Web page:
Car Accidents, Speed Limits and Life and Death

Speed Limit

Year after year, speeding remains one of the major contributing factors in car accidents, and there doesn’t seem to be an end in sight. Speeding has become a time-honored tradition, a secret pact between driver and vehicle that exceeding the speed limit is something everyone does, so there really isn’t any harm to the behavior. But the truth is that speeding is frequently cited as one of the common “human factors” that results in catastrophic car wrecks.

So exactly what is the relationship between increased speed limits, speeding accidents, and the higher risk of danger on the road? Here are some of those answers.

Brief History of Speed Limit Laws in the U.S. and How They Impact Car Accidents

To understand how speed limits affect driver behavior, it’s important to first understand how speed limits have changed over the years.

In 1901, Connecticut was the first state to pass a speed limit law, which restricted drivers to 12 miles per hour in the city and 15 mph on the highway.

But it wasn’t until the mid-1970s that a national speed limit law was implemented. This was the government’s attempt to help defray the rising costs of gasoline due to a fuel shortage, and to lower air pollution rates.

President Nixon signed a law in 1974 that established the speed limit in the U.S. at 55 mph. Interestingly, the rate of fatal car wrecks declined from 4.28 per million miles traveled (MMT) in 1972 to 2.73 MMT in 1983.

But as the fuel shortage eased, and conserving gasoline became less of an issue, the national speed limit was increased to 65 mph in the mid-1980s.

Then, in 1995 the federal government returned the power to create speed limits to the states, which meant that there would no longer be a national speed limit. This was a pivotal decision because instead of a uniform speed limit law, each state could decide how high to set the speed limit based on its own algorithms.

As a result, more than half the states in the U.S. have posted speed limits on urban roads that exceed 60 mph, and that number is even higher on highways. For example, on select highways in Texas, the speed limit is a staggering 85 mph, and 75 mph on normal highways.

How Speed Limit Increases Have Contributed To Car Accidents

The increases in speed limits throughout the U.S. have not existed in a vacuum. There have been some real consequences to America’s need for speed, and according to the Insurance Institute for Highway Safety (IIHS), those consequences are often fatal.

An IIHS study found that speed limit increases over the past 20 years have resulted in 33,000 car accident fatalities. In fact, in 2013, there were nearly 2,000 car wreck fatalities attributed solely to increased speed limits.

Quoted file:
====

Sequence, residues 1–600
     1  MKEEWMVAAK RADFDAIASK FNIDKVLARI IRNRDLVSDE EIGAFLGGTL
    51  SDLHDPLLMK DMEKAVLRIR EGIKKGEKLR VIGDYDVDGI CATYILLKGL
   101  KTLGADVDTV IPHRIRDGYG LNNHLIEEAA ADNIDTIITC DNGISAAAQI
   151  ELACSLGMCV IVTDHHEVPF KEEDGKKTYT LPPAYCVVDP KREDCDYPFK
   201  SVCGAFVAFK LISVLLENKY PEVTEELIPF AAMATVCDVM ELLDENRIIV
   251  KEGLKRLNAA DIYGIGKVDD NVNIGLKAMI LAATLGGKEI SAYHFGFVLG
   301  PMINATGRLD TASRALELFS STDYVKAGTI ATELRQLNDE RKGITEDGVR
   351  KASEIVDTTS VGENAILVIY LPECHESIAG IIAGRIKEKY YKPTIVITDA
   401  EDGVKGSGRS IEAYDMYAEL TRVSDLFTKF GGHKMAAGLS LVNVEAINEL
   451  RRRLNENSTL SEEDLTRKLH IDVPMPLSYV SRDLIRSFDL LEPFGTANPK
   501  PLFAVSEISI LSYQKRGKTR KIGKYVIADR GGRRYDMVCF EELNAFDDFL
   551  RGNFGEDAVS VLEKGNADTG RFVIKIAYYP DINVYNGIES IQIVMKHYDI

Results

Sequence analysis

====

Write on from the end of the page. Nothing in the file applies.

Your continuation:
The problem with increasing speed limits is that it gives drivers the freedom to not only drive at that speed limit but often, to exceed that limit. Studies have found that many drivers routinely exceed speed limits by 5 to 10 mph.

Therefore, highways with a speed limit of 70 mph could encourage some motorists to drive 75 or 80 mph, significantly increasing the chances of a destructive car accident.

That’s been the case in Wisconsin, where car accidents have spiked significantly since the state increased its interstate highway speed limit to 70 mph in June 2015. Since that time, crash fatalities have risen 37 percent on the interstate, and injuries have risen 11 percent. What’s even more telling is that the total number of car wrecks increased by 12 percent during that same time period.

Nick Jarmusz, Director of Public Affairs at AAA Wisconsin, said that even driving 5 mph faster than the speed limit can have serious consequences:

“Crash forces increase exponentially,” Jarmusz stated. “The difference between a 65 mph and 70 mph crash may not seem like a lot but it’s much more of an impact.

Why Speeding Is Such a Major Factor In Car Accidents

So it’s clear that increased speed limits pose a serious threat to all drivers on the road, but why does speeding contribute so heavily to car accidents?

The answer is that when drivers speed several things happen that create the perfect storm for a devastating car wreck:

  • Driver Can’t Brake-In Time – a driver who is speeding cannot bring a vehicle to a safe stop if an obstacle appears in front of the car. This often leads to rear-end collisions, and can easily begin a chain reaction, or multi-vehicle accident.
  • Creates Greater Impact On Collision – speeding generates a significantly greater severity of impact during a collision. There is a much higher likelihood of serious injuries and death resulting from a collision in which the vehicle that caused the crash was traveling at a high rate of speed.
  • Increases Chances of Injury and Death – a study found that for every one percent increase in speed, a driver increased the chances of an accident by two percent, the chances of a serious injury by three percent, and the chances of a fatality by four percent. That same study found that driving 80 miles per hour on a road where traffic is moving at 70 increases your chances of a crash by 31 percent, a crash with an injury by 49 percent, and a fatality by 71 percent.

Speed Kills and Seriously Injures 

Whether speeding is motivated by higher speed limits, the need to test a vehicle’s horsepower, or just the freedom of driving very fast, speeding can result in car accidents that cause deaths or serious injuries.

When you have suffered a speed-related accident, it is important to secure the services of an experienced law firm, such as the team at Rosner Law Offices, P.C. Please call us today at (856) 502-1655 for a free legal consultation to see how we can help you obtain fair compensation in this difficult time.

Additional Resources

4 Common Factors That Cause Car Accidents

Diabetic Impairment Can Cause Serious Car Accidents

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